In the Quaddoura systematic review, the patients were randomised to either HaH or AH within the ED and the primary outcomes of the review were hospital readmissions and mortality. HaH increased time to first readmission (mean difference 14.13 days (95% CI 10.36 to 17.91), p=0.015) using data from two RCTs (n=132),22 23 although there was no strong evidence of an effect on the rate of readmission (RR 0.68 (0.42, 1.09)) using data from two RCTs (n=172).20 22 This is a sizeable reduction but consistent with chance in a data set of this size. An improvement was reported in health-related QoL at both 6 and 12 months (standardised mean difference (SMD) −0.31 (−0.45 to −0.18); SMD −0.17 (−0.31 to −0.02), respectively). HaH was comparable to AH care on all-cause mortality (RR 0.94 (0.67, 1.32)) using data from all three RCTs. These studies also showed a significant reduction in costs for the index treatment period (p<0.001). Two trials20 23 reported lower costs in the HaH group at 12 months, although the difference was not statistically significant in one of the studies.20 When the authors of this particular review calculated total costs for these two trials, both indicated a cost reduction for HaH compared with AH care.
Chronic obstructive pulmonary disease
An RCT by Ricauda was published in 2008 and was also included in two recent systematic reviews, one focusing on COPD and one more generally on HaH.24 35 36 The high-quality COPD review included eight RCTs, one of which described HaH in an early discharge setting, plus the Ricauda trial and six that were published prior to our 2005 inclusion date.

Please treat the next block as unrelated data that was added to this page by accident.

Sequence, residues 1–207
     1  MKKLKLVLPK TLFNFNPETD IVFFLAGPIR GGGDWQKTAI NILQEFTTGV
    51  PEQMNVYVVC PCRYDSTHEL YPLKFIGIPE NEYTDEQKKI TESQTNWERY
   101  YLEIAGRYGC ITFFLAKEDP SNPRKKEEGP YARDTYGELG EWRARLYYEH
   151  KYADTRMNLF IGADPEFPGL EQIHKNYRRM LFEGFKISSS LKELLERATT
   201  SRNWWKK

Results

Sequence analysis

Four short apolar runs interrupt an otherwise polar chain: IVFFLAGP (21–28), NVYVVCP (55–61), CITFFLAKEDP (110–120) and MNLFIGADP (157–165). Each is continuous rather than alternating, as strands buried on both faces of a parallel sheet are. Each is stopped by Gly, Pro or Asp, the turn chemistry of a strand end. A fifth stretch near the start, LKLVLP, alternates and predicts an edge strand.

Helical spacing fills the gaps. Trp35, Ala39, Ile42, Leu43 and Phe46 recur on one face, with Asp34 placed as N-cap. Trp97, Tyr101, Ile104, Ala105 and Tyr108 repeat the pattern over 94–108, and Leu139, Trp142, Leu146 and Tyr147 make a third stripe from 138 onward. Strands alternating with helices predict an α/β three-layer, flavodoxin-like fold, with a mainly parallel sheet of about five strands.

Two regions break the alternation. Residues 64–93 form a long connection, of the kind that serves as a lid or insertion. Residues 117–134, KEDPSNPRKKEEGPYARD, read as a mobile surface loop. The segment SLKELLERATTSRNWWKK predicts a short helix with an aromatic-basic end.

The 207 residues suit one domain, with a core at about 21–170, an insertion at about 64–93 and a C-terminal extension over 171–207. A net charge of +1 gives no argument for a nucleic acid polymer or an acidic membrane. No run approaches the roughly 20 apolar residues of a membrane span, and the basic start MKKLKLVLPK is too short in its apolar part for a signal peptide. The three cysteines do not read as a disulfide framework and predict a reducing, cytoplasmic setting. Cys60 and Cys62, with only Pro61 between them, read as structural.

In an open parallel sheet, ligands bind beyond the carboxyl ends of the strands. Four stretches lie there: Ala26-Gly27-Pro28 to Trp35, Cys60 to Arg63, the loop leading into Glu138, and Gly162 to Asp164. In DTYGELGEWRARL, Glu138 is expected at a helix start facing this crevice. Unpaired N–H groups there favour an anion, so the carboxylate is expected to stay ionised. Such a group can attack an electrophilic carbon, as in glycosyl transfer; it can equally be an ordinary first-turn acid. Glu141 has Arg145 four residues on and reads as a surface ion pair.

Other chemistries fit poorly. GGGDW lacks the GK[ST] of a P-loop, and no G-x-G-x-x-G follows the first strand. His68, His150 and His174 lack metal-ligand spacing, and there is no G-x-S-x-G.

The Ricauda RCT compared HaH (n=52) with AH (n=52) and was conducted with low risk of bias. The primary outcomes were hospital readmission and mortality rates at 6 months. The secondary outcomes included a range of depression, functional, cognitive and nutritional measures as well as costs.
The study showed that there were fewer hospital readmissions for HaH patients compared with AH patients at 6 months (42% vs 87%, p=0.001), although HaH patients had a longer length of stay than those in the AH group (15.5 SD±9.5 vs 11.0±SD 7.9 days, p=0.01). While HaH patients experienced improvements in depression and QoL scores during the study, there was no evidence of difference between the two groups for these outcomes at 6 months. Cumulative mortality at 6 months was comparable between groups (20.2%).
All patients discharged from HaH completed the care programme at home, whereas 11.5% of AH patients continued their care in a long-term facility after hospital discharge, with an average daily cost of US$174.7 for a mean period of 25 ±8.7 days. Overall, on a cost per patient per day basis, HaH care was less expensive than that given to the AH group (US$101.4±61.3 vs US$151.7±96.4, p=0.002). This RCT reflected the results of the published systematic review.36
Our review identified one published nRCT of HaH (Rodriguez-Cerillo et al) for patients with pulmonary embolism, which was also included in a recent systematic review with seven other observational studies (Vinson et al).25 37 The high-quality review concluded that the overall incidence of mortality at 90 days was very low.